Congress support to the Khilafat movement in 1921 launched by the Muslims against the overthrow of Caliph ? the descendent and successor of Mohammad – is another sad chapter of recent history. Mahatama Gandhi had by then taken over the leadership of the Congress but refused to learn any lesson from the blunder committed by the party five years ago. The Mahatma-led Congress joined the Khilafat agitation in the mistaken hope of winning Muslim support for the struggle to over-throw the British rule in India. The Hindu support to the Muslim agitation failed to change the Muslim-mindset against them. Frustrated by the collapse of the Khialafat agitation and unable to cause any damage to the British interests, Muslims diverted their wrath on the Hindus. Countless innocent Hindus were massacred and their womenfolk disgraced in what is known as Mopla riots. The Communists, who are equally, if not more, guilty of practicing minorityism, misled the nation by describing riots as ?farmers? struggle against landlords?. On his part, the Mahatama in an obvious bid not to displease Muslims, made the disgusting statement that the Muslim rioters did what they thought was their religious duty, or words to that effect. Congress party'ssurrender to the Muslim League'sdemand for the Partition of the country on communal lines in 1947 is yet another inglorious instance of the party pandering to Muslims? outrageous demands. Dr. Bhim Rao Ambedkar, who understood the Muslim psyche better than the Congress, refused to oppose Partition on the premise that Muslims would never live in peace with the Hindus but demanded transfer of population to resolve the Muslim problem once for all. The Congress accepted Partition but further compounded the damage by ignoring Dr Ambedkar'sadvice presumably because it saw in Muslims a potential vote bank.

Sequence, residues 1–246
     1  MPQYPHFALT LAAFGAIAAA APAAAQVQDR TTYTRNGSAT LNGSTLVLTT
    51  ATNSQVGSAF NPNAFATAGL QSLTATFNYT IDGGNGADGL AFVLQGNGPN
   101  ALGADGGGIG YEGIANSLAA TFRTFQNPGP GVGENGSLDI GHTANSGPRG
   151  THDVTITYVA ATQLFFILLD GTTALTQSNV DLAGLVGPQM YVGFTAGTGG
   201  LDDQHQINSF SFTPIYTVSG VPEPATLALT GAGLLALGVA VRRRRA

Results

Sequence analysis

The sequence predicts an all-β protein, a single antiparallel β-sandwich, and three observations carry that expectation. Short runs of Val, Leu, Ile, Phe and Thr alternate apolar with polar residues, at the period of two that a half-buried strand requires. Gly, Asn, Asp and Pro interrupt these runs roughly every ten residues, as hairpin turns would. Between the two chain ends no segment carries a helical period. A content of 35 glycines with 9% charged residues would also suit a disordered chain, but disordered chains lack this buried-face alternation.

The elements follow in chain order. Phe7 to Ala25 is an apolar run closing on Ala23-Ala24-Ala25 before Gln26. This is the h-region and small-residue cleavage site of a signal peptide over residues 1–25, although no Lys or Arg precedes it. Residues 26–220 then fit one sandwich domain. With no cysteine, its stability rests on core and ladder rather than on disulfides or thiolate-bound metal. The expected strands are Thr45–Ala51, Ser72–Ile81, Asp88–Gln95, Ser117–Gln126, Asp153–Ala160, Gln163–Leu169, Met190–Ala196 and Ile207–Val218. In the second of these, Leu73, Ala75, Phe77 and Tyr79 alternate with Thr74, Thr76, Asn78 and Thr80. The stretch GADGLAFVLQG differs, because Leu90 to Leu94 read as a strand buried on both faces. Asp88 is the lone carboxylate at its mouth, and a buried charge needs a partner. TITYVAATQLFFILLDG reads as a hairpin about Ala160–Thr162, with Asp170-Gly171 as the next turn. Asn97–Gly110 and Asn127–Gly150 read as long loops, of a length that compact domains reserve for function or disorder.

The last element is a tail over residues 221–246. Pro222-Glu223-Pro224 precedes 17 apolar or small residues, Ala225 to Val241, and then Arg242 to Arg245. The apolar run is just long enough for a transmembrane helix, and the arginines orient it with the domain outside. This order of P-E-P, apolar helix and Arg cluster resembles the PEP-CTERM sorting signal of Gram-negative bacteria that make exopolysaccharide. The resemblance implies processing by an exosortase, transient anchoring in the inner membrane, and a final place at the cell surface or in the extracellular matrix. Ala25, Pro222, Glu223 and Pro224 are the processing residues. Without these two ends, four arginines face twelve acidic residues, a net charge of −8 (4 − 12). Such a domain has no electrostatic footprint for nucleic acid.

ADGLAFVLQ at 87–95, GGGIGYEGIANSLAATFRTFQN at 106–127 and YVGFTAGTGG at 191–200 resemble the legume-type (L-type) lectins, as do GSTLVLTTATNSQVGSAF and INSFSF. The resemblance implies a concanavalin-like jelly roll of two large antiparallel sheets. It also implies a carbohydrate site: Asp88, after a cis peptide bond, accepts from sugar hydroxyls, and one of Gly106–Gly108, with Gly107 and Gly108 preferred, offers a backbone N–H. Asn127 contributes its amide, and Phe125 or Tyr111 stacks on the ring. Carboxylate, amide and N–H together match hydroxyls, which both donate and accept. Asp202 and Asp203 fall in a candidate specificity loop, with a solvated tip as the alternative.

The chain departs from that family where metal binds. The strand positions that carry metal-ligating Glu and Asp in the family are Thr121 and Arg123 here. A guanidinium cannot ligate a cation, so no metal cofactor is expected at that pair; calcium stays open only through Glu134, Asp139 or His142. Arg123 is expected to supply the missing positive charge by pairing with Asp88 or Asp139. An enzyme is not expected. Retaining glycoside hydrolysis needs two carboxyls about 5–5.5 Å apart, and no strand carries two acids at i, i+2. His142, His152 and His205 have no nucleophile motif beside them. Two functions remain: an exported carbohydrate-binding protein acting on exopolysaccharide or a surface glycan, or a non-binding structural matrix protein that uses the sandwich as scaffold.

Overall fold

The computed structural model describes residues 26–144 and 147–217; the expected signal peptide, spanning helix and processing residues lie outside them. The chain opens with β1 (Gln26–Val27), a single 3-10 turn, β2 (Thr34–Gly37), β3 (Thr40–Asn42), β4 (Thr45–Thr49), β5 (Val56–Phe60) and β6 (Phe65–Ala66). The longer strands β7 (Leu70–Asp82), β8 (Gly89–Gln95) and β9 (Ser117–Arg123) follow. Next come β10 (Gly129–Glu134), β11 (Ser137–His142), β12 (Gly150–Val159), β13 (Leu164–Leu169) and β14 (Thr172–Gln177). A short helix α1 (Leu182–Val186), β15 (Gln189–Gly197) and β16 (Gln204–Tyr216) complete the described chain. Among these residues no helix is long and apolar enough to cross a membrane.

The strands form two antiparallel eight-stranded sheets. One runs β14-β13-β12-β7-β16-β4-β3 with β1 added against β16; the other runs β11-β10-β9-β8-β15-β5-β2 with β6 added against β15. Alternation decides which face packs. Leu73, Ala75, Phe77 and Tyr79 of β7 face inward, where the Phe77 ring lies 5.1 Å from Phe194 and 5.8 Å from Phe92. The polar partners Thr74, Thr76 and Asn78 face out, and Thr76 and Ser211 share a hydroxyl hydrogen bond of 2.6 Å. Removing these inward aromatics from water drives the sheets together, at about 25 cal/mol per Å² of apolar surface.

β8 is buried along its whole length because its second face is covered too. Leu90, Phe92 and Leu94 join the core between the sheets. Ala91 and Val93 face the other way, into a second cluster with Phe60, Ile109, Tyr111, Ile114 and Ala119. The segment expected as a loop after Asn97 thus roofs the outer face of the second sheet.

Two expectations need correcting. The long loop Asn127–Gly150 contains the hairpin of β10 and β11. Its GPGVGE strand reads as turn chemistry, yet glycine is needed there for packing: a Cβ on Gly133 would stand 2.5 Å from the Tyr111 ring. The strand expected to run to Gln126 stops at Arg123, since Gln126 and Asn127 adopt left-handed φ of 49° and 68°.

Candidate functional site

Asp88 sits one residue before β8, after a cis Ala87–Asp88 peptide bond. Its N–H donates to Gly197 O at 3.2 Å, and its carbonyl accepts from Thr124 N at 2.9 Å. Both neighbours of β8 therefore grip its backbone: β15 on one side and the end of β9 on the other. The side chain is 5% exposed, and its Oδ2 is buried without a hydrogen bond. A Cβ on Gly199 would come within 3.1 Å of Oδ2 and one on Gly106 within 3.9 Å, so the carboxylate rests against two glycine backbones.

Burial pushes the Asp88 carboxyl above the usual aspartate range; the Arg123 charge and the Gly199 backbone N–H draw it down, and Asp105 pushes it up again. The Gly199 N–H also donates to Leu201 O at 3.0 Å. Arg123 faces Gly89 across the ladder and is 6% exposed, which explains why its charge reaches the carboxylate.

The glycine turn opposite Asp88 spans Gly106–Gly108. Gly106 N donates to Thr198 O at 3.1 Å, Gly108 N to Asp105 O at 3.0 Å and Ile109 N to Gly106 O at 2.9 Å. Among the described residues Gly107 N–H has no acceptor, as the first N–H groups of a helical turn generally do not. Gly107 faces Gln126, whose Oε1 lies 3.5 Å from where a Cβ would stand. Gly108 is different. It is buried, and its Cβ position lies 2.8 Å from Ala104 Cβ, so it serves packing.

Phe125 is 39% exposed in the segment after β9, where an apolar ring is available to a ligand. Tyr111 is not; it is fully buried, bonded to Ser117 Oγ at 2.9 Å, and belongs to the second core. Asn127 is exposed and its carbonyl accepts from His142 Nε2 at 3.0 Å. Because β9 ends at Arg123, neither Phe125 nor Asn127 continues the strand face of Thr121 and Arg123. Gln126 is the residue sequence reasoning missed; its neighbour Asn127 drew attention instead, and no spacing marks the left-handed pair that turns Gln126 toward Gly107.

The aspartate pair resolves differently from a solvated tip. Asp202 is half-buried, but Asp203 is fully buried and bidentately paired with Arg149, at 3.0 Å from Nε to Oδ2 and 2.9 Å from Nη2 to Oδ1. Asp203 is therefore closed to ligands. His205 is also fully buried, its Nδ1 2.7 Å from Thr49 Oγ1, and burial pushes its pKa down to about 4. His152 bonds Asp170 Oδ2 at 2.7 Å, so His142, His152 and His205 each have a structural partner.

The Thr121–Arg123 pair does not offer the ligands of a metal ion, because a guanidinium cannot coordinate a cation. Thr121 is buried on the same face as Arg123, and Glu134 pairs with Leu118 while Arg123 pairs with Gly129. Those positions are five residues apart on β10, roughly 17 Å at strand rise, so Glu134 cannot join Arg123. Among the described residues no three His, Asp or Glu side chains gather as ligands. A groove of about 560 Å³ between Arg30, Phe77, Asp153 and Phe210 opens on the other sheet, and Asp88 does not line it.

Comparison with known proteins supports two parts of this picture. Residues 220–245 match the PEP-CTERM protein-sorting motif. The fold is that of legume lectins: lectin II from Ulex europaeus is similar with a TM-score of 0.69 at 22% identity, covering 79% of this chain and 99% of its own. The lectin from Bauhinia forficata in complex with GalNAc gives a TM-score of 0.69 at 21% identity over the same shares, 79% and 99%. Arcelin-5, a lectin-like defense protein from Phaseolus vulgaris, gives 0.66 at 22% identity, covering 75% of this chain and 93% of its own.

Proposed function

Founding fathers of the Constitution provided in it the Right to free profession, practice and propagation of religion. Even a cursory reading of the proceedings of the Constituent Assembly show that Hindu members of the Assembly conceded, albeit reluctantly, the right to propagate religion as Christian and Muslim members insisted it was their religious duty. While the right to profess and practice religion is a legitimate one, the right to propagate was a concession fraught with disastrous consequences for the country. Although several state assemblies later banned conversions by fraud, inducement or force, these laws have not been implemented in letter and spirit because of the propensity of our political leadership to pander to minority appeasement. Christian missionaries and Muslim religious leaders have exploited the Right to propagate religion for engineering mass conversions ? the root cause of communal tensions. Although theocracy is unacceptable to Hindu ethos and traditions, the distorted version of secularism practiced by most political parties and governments since Independence has deeply hurt national interests and sentiments. Practitioners of vote bank politics persistently manufacture specter of Hindu communalism to create insecurity in the minds of religious minorities to garner their votes.